Healthy skin aids in regulating body temperature, protecting internal organs from injury and environmental elements, and protecting against infection.
Signs and symptoms of possible skin problems include, but are not limited to:
- Unusual or abnormal color (pale, pink, red, or bluish);
- Rashes, cuts, open sores, raised bumps, blisters, bruises;
- Changes in skin temperature (such as moist, hot, or cool to the touch); and
Your role if signs or symptoms are noted:
Whenever skin issues are noted, medical staff should be notified immediately and the reporting and documentation procedures for your program followed. Be sure to report any signs of skin breakdown or pressure sores or ulcers immediately to your supervisor.
- Pressure sores are areas of skin damage resulting from a lack of blood flow due to pressure, friction, or pulling on the skin (skin that gets worse over time, blisters, pain, itching, and crater-like appearance).
Preventing skin breakdown:
- Use adaptive items such as water or air mattresses, foam mattress pads, chair cushions, gel cushions, heel and elbow protectors;
- Close daily inspection of skin to detect early redness or discoloration;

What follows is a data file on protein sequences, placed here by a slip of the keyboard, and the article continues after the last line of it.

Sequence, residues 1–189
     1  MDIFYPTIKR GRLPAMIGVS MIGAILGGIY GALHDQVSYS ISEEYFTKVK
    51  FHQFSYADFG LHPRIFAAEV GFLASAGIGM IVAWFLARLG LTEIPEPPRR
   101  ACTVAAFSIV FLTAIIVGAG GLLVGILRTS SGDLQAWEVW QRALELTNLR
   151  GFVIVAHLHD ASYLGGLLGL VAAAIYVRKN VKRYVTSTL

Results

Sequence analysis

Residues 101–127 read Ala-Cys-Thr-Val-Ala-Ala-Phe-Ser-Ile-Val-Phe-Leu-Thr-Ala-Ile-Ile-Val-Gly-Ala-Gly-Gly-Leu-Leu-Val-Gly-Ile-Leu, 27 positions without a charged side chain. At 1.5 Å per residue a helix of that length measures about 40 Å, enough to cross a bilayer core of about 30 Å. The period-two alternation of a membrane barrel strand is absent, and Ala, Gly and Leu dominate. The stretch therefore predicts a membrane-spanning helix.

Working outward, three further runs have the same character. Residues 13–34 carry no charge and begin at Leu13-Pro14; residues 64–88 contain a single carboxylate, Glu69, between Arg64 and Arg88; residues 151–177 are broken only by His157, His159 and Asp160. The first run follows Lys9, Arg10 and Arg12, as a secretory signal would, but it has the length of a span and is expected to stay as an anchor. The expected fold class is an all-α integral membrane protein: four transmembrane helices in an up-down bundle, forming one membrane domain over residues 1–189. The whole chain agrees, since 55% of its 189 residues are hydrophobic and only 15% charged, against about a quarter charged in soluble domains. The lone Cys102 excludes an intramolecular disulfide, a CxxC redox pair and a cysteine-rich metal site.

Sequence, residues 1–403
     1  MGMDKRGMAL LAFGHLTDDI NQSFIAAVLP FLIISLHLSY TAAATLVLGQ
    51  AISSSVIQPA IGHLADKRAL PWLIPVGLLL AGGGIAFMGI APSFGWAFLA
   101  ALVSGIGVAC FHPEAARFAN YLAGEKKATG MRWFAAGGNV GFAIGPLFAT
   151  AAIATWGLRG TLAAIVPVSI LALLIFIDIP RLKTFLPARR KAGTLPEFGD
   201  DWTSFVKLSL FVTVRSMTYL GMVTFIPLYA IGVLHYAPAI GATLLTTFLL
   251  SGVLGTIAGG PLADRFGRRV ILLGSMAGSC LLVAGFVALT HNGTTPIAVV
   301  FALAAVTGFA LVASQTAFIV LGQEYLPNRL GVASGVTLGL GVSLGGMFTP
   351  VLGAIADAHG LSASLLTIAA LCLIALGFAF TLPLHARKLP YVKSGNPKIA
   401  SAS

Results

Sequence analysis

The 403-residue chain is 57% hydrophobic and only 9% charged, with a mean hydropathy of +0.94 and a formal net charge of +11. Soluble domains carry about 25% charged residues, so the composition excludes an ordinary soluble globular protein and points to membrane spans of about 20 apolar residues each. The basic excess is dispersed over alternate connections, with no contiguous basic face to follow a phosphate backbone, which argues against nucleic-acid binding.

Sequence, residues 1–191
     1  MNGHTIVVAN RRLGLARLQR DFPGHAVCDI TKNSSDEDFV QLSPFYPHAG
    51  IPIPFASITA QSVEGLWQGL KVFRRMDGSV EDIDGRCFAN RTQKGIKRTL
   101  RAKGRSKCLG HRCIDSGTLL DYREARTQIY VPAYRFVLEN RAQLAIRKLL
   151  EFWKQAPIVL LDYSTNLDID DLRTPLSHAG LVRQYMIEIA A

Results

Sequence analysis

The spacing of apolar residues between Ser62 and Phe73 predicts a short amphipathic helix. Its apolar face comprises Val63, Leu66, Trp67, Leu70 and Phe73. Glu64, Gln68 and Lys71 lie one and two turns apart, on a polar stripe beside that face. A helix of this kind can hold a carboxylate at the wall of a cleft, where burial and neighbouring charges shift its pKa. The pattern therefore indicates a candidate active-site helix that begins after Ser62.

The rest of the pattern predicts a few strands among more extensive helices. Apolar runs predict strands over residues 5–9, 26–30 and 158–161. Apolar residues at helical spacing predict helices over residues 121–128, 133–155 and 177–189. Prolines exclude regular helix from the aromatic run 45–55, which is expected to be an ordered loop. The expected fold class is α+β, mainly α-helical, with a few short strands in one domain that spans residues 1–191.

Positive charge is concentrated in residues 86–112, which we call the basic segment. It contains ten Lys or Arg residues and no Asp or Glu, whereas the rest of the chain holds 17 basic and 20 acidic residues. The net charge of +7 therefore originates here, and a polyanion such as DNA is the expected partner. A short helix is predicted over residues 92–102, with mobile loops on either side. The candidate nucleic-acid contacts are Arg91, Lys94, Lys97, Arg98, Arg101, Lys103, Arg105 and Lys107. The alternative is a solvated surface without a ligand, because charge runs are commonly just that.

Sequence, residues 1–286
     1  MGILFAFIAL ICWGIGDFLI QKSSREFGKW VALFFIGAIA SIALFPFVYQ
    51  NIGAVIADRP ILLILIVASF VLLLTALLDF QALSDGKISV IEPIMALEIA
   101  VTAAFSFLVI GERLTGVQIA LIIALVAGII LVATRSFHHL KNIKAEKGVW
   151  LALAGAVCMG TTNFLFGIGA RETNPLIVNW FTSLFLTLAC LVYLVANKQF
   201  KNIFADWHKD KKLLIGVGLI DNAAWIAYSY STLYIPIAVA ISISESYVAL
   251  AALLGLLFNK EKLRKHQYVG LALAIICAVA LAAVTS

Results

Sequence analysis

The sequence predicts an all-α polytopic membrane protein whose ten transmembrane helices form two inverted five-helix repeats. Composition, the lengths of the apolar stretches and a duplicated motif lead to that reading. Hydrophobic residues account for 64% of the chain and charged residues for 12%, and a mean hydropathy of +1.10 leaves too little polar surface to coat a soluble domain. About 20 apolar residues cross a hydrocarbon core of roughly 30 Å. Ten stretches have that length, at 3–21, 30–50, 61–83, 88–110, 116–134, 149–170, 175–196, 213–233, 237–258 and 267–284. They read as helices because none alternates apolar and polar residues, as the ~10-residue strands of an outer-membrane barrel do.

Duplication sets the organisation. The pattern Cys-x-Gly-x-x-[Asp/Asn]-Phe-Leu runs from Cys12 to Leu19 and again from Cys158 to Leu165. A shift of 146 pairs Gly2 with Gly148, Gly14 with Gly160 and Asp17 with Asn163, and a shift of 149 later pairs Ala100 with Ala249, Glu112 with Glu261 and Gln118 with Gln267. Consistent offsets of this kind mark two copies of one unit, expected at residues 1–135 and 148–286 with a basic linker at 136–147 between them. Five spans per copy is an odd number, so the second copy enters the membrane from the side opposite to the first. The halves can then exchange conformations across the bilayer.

- Prevent friction during lifting and re-positioning;
- Provide good skin care (skin clean and dry); free from moisture, urine, stool, and wound drainage – minimize skin exposure to moisture – avoid harsh scrubbing/rubbing of skin;
- Ensure frequent repositioning – if using a wheelchair assist in shifting weight every 15 minutes;
- Encourage activity;
- Protect bony areas with soft material; and
- Apply moisturizer to dry skin areas.
People at risk for skin breakdown include, but are not limited to, those who:
- Use a wheelchair or who are in bed a lot of the time;
- Require assistance when moving;
- Have loss of bowel or bladder control;
- Have poor nutrition and hydration;
- Have problem sensing pain or pressure;
- Have limited ability to communicate;
- Have circulatory problems; and/or
- Are older adults, or are obese or very thin